The Board recognizes the resource role of retired Brantford Police Services Chiefs Bob Peeling, Ray Fitzpatrick, Derek McElveny and Jeff Kelner. We also recognize and appreciate the advice and guidance of former Chief Geoff Nelson.
In 1998, The D.A.R.E. board was formed in conjunction with the Brantford Police Services to support young people in learning problem solving and social skills for conflict resolution to resist experimentation with tobacco, drugs and alcohol while establishing positive and productive relationships with law enforcement officers. The program, which was American based, was delivered in grade 6 classrooms by uniformed law enforcement officers.
While the program was beneficial for students and meaningful at the time, as the world in which our young people were living has changed, the program no longer effectively supported student needs for skills and knowledge to navigate current social and technological challenges.
In 2015, the Board of Directors adopted the K.I.D.S. (Knowledge, Issues, Decisions and Supports) program. This Canadian based program is dynamic and responsive to the social learning needs of the students in our community. The program is designed to build understanding and provide specific strategies to respond to personal, peer and social challenges.
At the same time, the new T.I.C.K. Inc. Board of Directors sought additional opportunities to revisit the critical messaging of the program with more mature students, resulting in the Secondary School Student Leadership Program. Through this initiative, students in City of Brantford high schools have the opportunity to receive funding for student led initiatives that are consistent with the messaging of the K.I.D.S. program. At the same time, the poster contest for secondary students was refashioned to better reflect the use of technology in creating effective messaging with young people.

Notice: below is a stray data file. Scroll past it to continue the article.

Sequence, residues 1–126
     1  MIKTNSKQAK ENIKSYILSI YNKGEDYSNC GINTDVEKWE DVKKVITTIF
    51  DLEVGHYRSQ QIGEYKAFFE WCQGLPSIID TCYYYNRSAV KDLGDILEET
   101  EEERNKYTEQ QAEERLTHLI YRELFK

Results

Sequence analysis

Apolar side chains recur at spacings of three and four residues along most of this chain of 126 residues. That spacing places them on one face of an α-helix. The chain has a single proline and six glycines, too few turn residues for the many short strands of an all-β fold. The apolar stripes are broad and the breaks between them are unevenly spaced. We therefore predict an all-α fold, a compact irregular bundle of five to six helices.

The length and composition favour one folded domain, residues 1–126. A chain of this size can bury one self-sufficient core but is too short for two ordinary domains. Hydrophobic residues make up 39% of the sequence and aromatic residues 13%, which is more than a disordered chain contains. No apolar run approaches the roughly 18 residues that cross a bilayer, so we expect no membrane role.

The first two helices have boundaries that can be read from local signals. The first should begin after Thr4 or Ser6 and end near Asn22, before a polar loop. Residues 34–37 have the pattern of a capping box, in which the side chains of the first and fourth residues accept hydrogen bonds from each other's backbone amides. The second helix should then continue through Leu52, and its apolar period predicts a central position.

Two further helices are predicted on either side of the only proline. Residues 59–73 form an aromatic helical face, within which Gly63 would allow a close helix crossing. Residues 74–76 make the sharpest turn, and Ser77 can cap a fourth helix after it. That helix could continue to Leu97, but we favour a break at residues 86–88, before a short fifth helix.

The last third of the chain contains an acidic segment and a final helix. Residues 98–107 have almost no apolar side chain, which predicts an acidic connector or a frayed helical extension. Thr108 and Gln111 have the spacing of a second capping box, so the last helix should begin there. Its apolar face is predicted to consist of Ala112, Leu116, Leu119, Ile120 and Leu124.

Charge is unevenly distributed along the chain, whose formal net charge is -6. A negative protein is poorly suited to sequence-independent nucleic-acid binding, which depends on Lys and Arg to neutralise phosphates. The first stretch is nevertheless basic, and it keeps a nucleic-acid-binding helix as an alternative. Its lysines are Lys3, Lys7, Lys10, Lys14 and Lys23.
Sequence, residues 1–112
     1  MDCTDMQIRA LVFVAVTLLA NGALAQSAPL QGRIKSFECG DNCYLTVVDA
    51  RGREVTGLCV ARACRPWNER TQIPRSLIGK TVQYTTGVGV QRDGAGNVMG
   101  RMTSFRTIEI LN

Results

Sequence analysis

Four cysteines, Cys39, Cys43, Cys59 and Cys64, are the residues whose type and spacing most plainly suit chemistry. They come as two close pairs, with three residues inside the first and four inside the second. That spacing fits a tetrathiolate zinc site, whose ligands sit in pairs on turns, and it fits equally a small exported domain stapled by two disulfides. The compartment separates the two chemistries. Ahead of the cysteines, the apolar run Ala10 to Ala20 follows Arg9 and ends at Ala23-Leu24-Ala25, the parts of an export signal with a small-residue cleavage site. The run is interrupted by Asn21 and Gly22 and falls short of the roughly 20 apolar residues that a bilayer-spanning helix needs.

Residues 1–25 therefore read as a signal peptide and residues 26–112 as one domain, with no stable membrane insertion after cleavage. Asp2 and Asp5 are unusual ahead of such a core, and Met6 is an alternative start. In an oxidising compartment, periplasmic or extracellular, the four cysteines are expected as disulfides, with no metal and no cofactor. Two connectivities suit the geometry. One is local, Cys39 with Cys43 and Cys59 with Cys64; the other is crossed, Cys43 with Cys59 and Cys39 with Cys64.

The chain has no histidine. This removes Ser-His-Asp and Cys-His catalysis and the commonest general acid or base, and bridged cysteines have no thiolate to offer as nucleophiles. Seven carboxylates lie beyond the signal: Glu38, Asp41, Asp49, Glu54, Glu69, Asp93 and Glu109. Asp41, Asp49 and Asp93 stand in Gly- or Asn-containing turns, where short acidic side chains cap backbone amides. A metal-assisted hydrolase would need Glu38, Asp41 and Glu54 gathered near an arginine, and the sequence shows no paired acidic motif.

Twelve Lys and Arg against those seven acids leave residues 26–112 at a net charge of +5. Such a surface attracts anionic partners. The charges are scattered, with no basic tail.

In 2019, the K.I.D.S. program underwent a significant update and revision to keep pace with the changing realities and challenges of our youth and respond to changing social pressures and practices, specifically issues of metal health, the legalization of cannabis, vaping, technology and social problem solving and responsibility. The current program, developed using the best practices identified by the Joint Consortium for School Health, is the result of extensive collaboration with educators, public health, school board consultants, law enforcement personnel and a university researcher to create a meaningful and comprehensive learning experience for students, with follow up and consolidation activities for teachers and parents.
The program is now delivered in the form of five modules. The modules focusing on Mental Health and Healthy Relationships are delivered by Public Health nurses in two sessions held in the home school classrooms. Modules dealing with Online and Social Media, Youth and the Law and Substance Awareness are delivered by the Brantford Police Service Elementary School Resource Coordinator in a full day interactive learning experience hosted at the Children’s Safety Village. This is a universal access program, delivered without charge to students or schools. Funding from the T.I.C.K. board provides for transportation to the Children’s Safety Village for the off-site learning experience, certificates of program completion and t-shirts. In our last program year, the program was delivered to 1,400 grade 6 students attending public, separate and private schools within the City of Brantford.
We recognize and thank the dedicated group of law enforcement professionals who have delivered the D.A.R.E and K.I.D.S. programs to Grade 6 students from the inception of the program to 2019. We recognize and value the positive impact that they have has on the lives of so many children in our community.